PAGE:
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10 Memorable Film Deaths by Non-Memorable Characters
We can't remember them, but we remember how they bought it
By Soren Bowie
July 31, 2008
The shark kills nameless nobodies in JAWS
© Universal Pictures
As an age old rule of film, the coolest deaths are reserved for either the villain or the best friend of the hero. It offers a certain vindication to the character, if not for those still alive, at least for the audience; movie goers would be irate if Goose had been crushed by a vending machine while trying to get a Tab. However, sometimes movies are forced to break their own rules when they still have heaps of carnage to show off but can’t sacrifice any more main characters. Enter the nobodies. These glorified extras may not have much screen time or pages of dialogue, but they managed to stumble into a crucial role that will be remembered by audiences forever. We want to honor those souls whose job literally consists of entering a scene just to die. Here are the 10 most memorable deaths from forgettable characters.
10) Starship Troopers
Death by: Decapitation
When we are first introduced to the flying alien bugs of Starship Troopers, the audience reaction is usually the same: “Eh, those don’t look so bad.” So in order to squash any association viewers might make between the bugs and fragile Chinese kites, some graphic death was in order. Much like early pioneers and buffalo, the aliens have no interest in using the bodies of their prey. The bugs aren’t snatching up soldiers and carrying them off to be regurgitated into the mouths of their young. Instead they seem content just knocking the heads off of people. The treat here is that a number of extras are allowed this privilege. Around five soldiers lose their heads to the bugs, and each death is more startling and graphic than the last.
9) Indiana Jones and the Temple of Doom
Death by: Heart Removal/Lava Submersion
If a survey were distributed and votes taken, there would probably be a common consensus that watching your beating heart pulled from your chest while you are lowered into a pit of lava would be one of the worst ways to die… right up there with Ebola and slipping in the bathtub while masturbating. In The Temple of Doom, Dr. Jones witnesses a human sacrifice to the goddess Kali in arguably the most horrific scene from any Indiana Jones movie. And the man sacrificed? Who knows. The actor had no lines, no character arc and is credited simply as “Sacrifice Victim.” Yet his four minutes on camera will be remembered by fans forever.
8) Pan’s Labyrinth
Death by: Wine Bottle to the Face
While Guillermo Del Toro is steadily gaining a reputation for creating imaginative characters in his films, we shouldn’t forget that he’s pretty good at killing them off, too. In Pan’s Labyrinth, Del Toro hauls a character into his movie whose only purpose is to die at the hands of the antagonist and thus expose the villain’s violent nature. The man is suspected of being part of a rebellion because he is caught hunting in the woods. Captain Vidal conducts a short interrogation, and then, presumably, gets bored and caves the character’s face in with a wine bottle. Even though the actor did get in a few lines and some quality face time with a main character, he will only be remembered for the way he died.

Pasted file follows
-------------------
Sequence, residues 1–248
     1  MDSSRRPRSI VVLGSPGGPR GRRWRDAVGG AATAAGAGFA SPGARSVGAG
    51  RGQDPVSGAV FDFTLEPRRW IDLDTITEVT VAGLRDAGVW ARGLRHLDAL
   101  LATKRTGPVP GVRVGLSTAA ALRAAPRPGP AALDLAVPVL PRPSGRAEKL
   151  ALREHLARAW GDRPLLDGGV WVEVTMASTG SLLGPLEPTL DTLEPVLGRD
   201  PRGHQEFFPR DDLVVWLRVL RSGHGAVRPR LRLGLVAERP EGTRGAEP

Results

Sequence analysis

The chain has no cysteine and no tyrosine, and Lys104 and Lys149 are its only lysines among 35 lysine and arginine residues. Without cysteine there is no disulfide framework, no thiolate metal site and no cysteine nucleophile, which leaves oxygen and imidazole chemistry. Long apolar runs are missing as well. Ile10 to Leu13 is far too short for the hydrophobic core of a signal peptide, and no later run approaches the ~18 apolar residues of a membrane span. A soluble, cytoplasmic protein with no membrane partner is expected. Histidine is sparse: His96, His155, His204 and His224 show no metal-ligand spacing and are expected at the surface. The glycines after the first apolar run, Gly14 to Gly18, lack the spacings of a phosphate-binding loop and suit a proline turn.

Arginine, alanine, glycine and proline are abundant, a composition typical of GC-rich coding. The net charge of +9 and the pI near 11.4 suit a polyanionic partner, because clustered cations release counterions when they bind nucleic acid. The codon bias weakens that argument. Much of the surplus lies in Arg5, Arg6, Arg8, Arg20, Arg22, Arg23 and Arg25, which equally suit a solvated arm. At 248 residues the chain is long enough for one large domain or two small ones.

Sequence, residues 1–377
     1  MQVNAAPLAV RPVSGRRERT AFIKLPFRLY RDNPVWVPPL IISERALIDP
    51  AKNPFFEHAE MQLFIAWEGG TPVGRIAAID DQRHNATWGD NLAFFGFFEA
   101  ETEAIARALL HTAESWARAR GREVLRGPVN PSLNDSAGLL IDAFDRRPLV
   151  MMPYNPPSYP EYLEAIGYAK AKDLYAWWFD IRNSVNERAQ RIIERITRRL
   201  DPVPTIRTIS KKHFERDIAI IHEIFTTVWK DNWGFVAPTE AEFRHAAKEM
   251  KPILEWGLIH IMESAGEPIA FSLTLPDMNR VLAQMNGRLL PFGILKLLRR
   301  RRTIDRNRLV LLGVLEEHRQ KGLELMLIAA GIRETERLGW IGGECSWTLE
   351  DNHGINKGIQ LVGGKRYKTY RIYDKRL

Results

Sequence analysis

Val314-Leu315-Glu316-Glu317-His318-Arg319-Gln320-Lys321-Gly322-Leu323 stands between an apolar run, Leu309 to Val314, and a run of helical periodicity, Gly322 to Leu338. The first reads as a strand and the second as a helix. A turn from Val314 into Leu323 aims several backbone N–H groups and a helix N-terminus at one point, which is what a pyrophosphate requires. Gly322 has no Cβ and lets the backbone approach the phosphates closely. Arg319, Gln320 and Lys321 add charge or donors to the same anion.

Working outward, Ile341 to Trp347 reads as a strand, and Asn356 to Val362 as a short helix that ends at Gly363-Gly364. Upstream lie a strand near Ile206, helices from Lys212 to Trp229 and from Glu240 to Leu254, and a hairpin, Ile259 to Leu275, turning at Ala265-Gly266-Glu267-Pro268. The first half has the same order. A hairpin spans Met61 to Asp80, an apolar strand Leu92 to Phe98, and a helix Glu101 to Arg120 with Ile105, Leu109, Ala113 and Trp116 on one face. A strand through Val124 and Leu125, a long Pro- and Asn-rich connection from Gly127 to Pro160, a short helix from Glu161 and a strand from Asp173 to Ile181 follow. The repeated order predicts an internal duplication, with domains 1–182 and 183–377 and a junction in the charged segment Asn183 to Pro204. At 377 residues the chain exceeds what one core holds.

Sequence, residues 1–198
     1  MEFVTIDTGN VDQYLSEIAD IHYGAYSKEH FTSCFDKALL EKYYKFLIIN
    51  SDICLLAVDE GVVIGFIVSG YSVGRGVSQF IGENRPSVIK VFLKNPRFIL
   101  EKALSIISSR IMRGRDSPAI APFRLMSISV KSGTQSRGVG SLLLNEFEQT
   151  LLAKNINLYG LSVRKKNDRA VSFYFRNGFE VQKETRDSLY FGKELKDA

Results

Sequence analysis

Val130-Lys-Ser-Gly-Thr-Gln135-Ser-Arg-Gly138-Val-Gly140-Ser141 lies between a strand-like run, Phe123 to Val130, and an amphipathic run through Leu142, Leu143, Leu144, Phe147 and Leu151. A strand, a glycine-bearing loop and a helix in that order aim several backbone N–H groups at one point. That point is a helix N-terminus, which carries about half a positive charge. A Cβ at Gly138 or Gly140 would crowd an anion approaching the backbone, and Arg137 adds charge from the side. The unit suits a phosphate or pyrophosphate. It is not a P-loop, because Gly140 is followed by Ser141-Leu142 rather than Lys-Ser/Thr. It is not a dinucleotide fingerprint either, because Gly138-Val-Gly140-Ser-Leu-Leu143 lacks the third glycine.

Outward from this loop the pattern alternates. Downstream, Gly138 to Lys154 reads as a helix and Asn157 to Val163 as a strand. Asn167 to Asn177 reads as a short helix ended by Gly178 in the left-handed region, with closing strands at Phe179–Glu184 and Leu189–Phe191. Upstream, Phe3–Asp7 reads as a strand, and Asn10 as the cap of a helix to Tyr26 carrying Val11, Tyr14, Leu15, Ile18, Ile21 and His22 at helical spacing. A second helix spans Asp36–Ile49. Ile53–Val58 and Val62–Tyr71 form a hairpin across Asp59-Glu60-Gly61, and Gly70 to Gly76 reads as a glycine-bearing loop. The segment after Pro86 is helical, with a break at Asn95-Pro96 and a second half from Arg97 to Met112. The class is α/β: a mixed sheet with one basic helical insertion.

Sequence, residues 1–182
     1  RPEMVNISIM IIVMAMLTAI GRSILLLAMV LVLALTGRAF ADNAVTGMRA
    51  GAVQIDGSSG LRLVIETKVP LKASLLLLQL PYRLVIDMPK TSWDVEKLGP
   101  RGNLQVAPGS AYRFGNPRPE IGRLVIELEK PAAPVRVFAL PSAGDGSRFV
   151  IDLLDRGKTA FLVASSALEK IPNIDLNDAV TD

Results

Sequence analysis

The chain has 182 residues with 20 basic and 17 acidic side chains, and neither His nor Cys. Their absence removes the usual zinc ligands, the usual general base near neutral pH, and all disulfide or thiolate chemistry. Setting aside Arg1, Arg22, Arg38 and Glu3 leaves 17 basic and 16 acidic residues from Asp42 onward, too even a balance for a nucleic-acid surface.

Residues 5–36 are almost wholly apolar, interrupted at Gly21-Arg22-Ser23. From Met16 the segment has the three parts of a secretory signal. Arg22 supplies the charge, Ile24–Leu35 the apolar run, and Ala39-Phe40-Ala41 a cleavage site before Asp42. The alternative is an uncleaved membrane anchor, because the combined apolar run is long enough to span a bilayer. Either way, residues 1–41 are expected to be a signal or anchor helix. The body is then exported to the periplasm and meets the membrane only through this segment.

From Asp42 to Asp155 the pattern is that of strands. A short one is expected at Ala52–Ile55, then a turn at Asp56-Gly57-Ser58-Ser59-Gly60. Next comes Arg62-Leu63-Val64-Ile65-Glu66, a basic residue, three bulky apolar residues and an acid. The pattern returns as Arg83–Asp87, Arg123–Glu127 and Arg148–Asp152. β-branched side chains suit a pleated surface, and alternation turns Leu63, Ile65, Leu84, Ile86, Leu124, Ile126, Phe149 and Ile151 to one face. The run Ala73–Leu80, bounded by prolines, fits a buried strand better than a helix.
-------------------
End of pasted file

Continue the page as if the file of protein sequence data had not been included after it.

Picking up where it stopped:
7) Ghost Ship
Death by: Wire
Within the first seven minutes of the movie Ghost Ship, more than a hundred people die. All of them nameless, all of them at the back of the craft service line during lunch. The film begins with a black tie event aboard a cruise ship, and before the opening credits can finish, everyone except a young girl is cut in half by an errant metal wire. The deaths are graphic and bloody, complete with startled faces and people trying to realign their torsos with the rest of their bodies. It remains arguable as to which was a bigger disaster, the one depicted in the first scene, or the rest of the movie. In fact, the initial deaths are part of the reason the film failed so miserably; how does the rest of a story live up to such an unforgettable opening?
Death by: Propeller Bounce
As long as we’re on boat movies, it would be wrong not to mention this death. Granted, the only thing Titanic has in common with genre movies is James Cameron, but one brutal fatality makes up for all the romance and charcoal sketching that litters this film. As the ship snaps down the middle and the two halves begin to sink vertically, one man falls from the top of the ship, down to the water. The 5-second fall allows plenty of time to reach terminal velocity, which means the impact on the water would be the equivalent of falling on pavement. But Cameron isn’t satisfied with dropping people from high places and watching them liquefy on contact. Instead, the character falls part of the way, collides with the exposed propeller, then spins (much like a propeller might) the rest of the way to the water. The only thing more gruesome than watching this nobody hit the blade, is hearing the noise it makes. To this day, people may not remember the name of Rose’s fiancé, or that Bill Paxton was even in the goddamn movie, but they will always remember the propeller bounce.